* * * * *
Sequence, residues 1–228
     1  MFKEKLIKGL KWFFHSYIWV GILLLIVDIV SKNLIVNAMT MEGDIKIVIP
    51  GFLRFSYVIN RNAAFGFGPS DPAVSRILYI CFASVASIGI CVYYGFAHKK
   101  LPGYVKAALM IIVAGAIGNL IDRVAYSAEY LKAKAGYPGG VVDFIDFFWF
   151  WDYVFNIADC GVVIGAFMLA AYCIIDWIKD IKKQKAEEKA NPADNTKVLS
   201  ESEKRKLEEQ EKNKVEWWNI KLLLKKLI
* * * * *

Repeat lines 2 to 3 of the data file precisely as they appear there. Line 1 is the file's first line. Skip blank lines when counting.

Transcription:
     1  MFKEKLIKGL KWFFHSYIWV GILLLIVDIV SKNLIVNAMT MEGDIKIVIP
    51  GFLRFSYVIN RNAAFGFGPS DPAVSRILYI CFASVASIGI CVYYGFAHKK